It also makes you pretty approachable for people, you know, wanting to learn to shoot a handgun.

    Try not to take offense at this - but I believe your mindset has shifted at some point to be skewed in to believing that the masses are against you.

    Go read my last post in the general forum Gun Image thread here.

    https://www.thehighroad.org/index.php?threads/gun-owner-image.834594/page-4#post-10802758

    The massive self-reinforcement our side lends to one another, the sheer empowerment felt by amassing arms and ammunition, can lead our folks to falling down the rabbit hole.

    Been there. Got the t-shirt. I was neck deep in the Militia movement of the 90's. I'm *still* to this day listed as Armed and Dangerous with the State Police in Illinois, because I was involved with the most extreme of extremist groups. I've had fact to face discussions with special agents of the FBI. (There are ex-police moderators on this forum who can vouch for this past.)

    I'm not preaching as a moderate here trying to "bring y'all in to shape". I'm preaching from a position where I can absolutely, POSITIVELY guarantee you I was more hardcore about fundamentalist individual freedom than 99.9999% of you ever have dreamed of being.

    I saw the light after I became an instructor, and a more dignified activist, got involved with the wider shooting community, and shed the isolationist, extremist, paranoid world view that I held some 20 years ago.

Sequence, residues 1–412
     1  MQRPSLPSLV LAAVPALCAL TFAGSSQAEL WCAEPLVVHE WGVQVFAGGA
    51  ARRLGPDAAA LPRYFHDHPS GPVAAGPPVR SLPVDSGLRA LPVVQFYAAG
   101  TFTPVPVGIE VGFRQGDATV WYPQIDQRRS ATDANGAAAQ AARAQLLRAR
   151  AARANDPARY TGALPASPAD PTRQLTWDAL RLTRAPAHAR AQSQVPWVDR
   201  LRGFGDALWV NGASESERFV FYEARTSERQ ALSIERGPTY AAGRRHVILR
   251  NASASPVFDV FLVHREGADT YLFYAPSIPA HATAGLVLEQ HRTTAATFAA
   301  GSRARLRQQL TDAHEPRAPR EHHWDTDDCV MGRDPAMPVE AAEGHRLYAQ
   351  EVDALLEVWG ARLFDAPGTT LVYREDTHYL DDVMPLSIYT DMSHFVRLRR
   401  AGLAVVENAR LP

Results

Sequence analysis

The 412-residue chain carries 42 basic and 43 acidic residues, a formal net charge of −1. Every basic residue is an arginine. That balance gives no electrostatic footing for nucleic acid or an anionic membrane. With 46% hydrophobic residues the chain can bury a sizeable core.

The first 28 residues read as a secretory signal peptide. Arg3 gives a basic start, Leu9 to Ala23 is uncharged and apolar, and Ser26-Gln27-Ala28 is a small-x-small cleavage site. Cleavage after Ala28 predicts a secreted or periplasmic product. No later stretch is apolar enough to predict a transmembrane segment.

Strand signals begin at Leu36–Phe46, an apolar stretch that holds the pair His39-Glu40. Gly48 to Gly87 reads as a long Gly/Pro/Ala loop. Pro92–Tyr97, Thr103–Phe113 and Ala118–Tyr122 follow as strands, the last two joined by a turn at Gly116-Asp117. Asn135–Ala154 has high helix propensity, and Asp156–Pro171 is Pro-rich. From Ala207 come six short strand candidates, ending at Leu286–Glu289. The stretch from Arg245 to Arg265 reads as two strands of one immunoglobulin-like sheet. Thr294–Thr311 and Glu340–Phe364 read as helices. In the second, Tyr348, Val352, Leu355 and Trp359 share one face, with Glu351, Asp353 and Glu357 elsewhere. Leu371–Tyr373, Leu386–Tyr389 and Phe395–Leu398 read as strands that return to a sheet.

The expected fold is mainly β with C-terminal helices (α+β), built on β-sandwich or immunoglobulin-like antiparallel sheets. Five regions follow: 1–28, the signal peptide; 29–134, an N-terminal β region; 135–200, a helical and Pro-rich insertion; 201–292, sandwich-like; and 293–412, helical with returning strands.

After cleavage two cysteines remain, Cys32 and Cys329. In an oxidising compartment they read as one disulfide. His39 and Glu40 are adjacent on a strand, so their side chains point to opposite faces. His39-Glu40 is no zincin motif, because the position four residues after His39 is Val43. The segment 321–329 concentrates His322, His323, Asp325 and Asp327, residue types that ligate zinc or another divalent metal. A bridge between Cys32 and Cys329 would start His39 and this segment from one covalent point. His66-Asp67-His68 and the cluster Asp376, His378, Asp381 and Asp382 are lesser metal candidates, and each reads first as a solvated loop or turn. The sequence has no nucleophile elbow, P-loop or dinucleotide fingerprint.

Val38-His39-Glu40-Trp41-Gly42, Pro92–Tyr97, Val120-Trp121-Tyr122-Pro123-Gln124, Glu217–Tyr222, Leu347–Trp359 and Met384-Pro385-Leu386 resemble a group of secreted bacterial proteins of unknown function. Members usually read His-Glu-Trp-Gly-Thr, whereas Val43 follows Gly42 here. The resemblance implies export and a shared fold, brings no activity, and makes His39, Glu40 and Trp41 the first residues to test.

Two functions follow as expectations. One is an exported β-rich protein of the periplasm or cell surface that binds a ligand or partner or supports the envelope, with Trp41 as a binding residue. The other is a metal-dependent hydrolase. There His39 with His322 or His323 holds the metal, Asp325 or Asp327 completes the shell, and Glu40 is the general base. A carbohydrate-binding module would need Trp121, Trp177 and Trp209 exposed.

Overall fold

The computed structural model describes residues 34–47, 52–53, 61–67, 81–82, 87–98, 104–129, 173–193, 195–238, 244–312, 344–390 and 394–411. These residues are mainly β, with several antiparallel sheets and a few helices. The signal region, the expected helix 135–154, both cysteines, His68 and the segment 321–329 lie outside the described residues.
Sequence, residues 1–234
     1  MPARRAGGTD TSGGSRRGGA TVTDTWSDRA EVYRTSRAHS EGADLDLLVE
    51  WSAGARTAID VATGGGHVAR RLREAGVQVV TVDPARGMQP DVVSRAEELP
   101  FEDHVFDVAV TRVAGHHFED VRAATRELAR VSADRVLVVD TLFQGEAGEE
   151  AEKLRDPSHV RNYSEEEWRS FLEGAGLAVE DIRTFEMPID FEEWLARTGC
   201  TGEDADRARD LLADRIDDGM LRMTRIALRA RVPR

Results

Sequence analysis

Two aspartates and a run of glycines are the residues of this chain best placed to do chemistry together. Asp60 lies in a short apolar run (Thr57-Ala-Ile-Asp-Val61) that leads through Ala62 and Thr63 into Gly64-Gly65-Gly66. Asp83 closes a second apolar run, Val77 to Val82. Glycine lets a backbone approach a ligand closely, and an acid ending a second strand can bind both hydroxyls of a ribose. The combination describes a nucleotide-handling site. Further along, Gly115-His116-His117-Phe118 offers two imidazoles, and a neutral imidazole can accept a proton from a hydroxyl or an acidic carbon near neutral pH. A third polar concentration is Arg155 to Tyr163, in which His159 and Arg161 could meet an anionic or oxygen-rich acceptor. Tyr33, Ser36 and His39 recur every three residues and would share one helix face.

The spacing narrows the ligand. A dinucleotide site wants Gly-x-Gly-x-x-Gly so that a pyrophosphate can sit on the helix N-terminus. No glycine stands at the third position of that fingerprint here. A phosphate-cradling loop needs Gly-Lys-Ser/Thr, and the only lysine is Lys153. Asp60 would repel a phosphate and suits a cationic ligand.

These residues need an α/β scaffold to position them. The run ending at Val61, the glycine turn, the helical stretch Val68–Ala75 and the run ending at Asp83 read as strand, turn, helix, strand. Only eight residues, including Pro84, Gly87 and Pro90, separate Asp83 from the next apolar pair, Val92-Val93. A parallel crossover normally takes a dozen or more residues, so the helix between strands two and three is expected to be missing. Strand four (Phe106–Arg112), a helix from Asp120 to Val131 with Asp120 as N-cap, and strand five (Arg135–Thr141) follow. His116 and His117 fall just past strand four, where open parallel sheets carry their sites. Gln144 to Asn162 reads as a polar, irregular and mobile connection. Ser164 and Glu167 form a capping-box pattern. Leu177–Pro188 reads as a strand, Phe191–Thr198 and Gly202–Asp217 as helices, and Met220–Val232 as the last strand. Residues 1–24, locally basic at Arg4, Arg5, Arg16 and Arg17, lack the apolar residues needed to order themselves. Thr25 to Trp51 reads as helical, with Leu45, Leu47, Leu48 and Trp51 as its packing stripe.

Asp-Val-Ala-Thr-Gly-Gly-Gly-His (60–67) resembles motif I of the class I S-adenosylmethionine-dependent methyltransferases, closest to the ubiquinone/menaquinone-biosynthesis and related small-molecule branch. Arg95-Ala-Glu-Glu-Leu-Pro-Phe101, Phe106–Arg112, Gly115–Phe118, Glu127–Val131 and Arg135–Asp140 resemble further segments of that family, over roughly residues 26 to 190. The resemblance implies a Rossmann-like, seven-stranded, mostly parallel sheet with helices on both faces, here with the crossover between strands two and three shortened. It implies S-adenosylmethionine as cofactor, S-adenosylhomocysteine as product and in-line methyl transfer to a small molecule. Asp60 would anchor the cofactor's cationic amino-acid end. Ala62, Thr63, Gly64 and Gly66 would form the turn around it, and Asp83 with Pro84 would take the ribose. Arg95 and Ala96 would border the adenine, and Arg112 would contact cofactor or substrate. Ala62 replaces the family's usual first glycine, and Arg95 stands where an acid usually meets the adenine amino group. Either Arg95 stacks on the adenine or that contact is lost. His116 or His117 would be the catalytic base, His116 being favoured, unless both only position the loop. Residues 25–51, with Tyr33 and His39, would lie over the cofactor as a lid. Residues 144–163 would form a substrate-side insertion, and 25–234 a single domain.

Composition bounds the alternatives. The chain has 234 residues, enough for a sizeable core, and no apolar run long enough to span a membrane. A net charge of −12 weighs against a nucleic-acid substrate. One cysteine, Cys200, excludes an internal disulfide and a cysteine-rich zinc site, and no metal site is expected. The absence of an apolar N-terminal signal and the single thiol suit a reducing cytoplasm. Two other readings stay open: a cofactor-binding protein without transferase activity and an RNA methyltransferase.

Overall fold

When I finally realized what tools in my arsenal were available to better influence people, and refined those tools, things started working.

    I started building a reputation as a responsible gun owner, who teaches folks self-defense, who teaches competitive shooting. WITHOUT having to sacrifice any ground on the pressing issues. I'm just as much for legal ownership of suppressors, short barreled rifles, and militaria as anyone you'll meet; but I do not come across as a "gun nut" or "extremist" anymore to folks. I'm approachable in dialog, friendly in demeanor, and don't derail conversations in to paranoid rants, like what I happened to quote you saying above.

    Yes, there are undoubtedly forces who want to implement a socialist regime. This has been around for.. geesh. Since Karl Marx and Friedrich Engles first laid pen to paper back in 1848.

    But I don't base my reality around that anymore. I base my reality around personal freedom, hard work, and community involvement. Setting an example to follow without the mindless paranoid zealotry some of our kind espouse.

    And damn, if it don't work out well. Much better and making friends and winning over enemies than my attitude 20 years ago.